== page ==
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Life Insurance

There are many types of life insurance policies that can help protect your family, and they all fall into two main categories: term and permanent.

With a term life policy, you get coverage for a defined length of time (say, 10 years). If you die during that time, money is paid to your beneficiaries – but when the term is over, you must get new coverage or go without.

Permanent life insurance (i.e., whole life and universal life) provides life-long coverage with a “cash value” component that can help with many objectives, like helping to build your retirement nest egg while providing protection for life and other financial benefits along the way.

What are the basic features of a life insurance policy?

At its core, a life insurance policy is a promise: to provide financial protection to your loved ones if you’re not there. The way a policy carries out that promise is defined by a few key features:

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Coverage for a specific term or length of time, typically between 10 and 30 years. It is sometimes called “pure life insurance” because, unlike whole life insurance, there’s no cash value to the policy. It’s designed solely to give your beneficiaries a payout if you die during the term. Most individual term policies have level premiums, so you pay the same amount every month.

When the term expires, there’s no more coverage – you either have to go without or get a new policy, which will likely come at a higher cost: the older you are, the more expensive it is to get a policy.


Is the simplest form of permanent life insurance, providing coverage that lasts your entire life. Like other permanent policies, it includes a cash value component: A portion of your premium dollars are placed into a cash value account, and this sum grows over time on a tax-deferred basis, so you don’t pay taxes on the gains. A whole life policy has three defining characteristics:

  1. The level premium remains the same for life

  2. The death benefit is guaranteed as long as the guaranteed premiums are paid

  3. The policy includes guaranteed cash values that grow at a guaranteed rate

Cash value provides several significant benefits you can use while you’re still alive. It takes a few years to grow into a useful amount, but once that happens, you can borrow money against it, use it to help pay your premiums, or even surrender it for cash to live on in retirement.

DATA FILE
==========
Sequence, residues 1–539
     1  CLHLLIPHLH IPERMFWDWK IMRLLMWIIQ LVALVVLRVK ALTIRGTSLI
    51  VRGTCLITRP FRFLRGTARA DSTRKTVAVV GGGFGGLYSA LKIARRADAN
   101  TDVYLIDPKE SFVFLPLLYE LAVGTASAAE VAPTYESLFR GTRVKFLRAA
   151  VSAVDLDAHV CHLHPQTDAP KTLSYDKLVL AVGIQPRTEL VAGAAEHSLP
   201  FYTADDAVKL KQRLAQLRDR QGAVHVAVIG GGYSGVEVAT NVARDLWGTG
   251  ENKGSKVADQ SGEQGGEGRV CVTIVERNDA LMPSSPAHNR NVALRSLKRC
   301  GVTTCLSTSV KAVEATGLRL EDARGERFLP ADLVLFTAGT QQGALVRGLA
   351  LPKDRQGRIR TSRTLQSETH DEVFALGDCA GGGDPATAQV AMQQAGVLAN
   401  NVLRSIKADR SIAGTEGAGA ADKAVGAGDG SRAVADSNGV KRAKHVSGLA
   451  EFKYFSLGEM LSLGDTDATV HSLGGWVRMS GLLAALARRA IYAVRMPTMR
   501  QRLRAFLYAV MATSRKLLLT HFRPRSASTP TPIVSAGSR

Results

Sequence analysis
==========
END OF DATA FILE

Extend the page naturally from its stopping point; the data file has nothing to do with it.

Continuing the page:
Is another form of permanent insurance that offers the cash value and lifetime coverage benefits of whole life. But there’s a fundamental difference compared to whole life: the premiums are flexible. With a universal policy, you can raise or lower the amount you pay into the policy as you see fit, within the limits of the policy. Paying in less could eventually result in the need to pay in higher amounts in later years to keep your coverage. This type of policy can adjust to your life circumstances while providing the same kind of cash value growth as whole life. Having another child, moving on to a different job, or taking out a loan to buy a business – all might be instances where a combination of security and flexibility becomes important.


It is a form of life insurance intended only to cover end-of-life expenses such as funeral and burial costs. The coverage is permanent in the sense that if you keep paying premiums, the policy will remain in effect, but there is no cash value or investment component to these policies. Older people often buy final expense coverage without dependent children because it helps protect loved ones who might otherwise have to cover these costs out-of-pocket. While the premiums for these plans tend to be modest, the death benefit is also very limited – it’s not meant to provide years of financial support to your beneficiaries. Younger, healthier people who want to build cash value or a significant death benefit for their families will likely be able to find greater value in a whole life, universal life, or term life policy.

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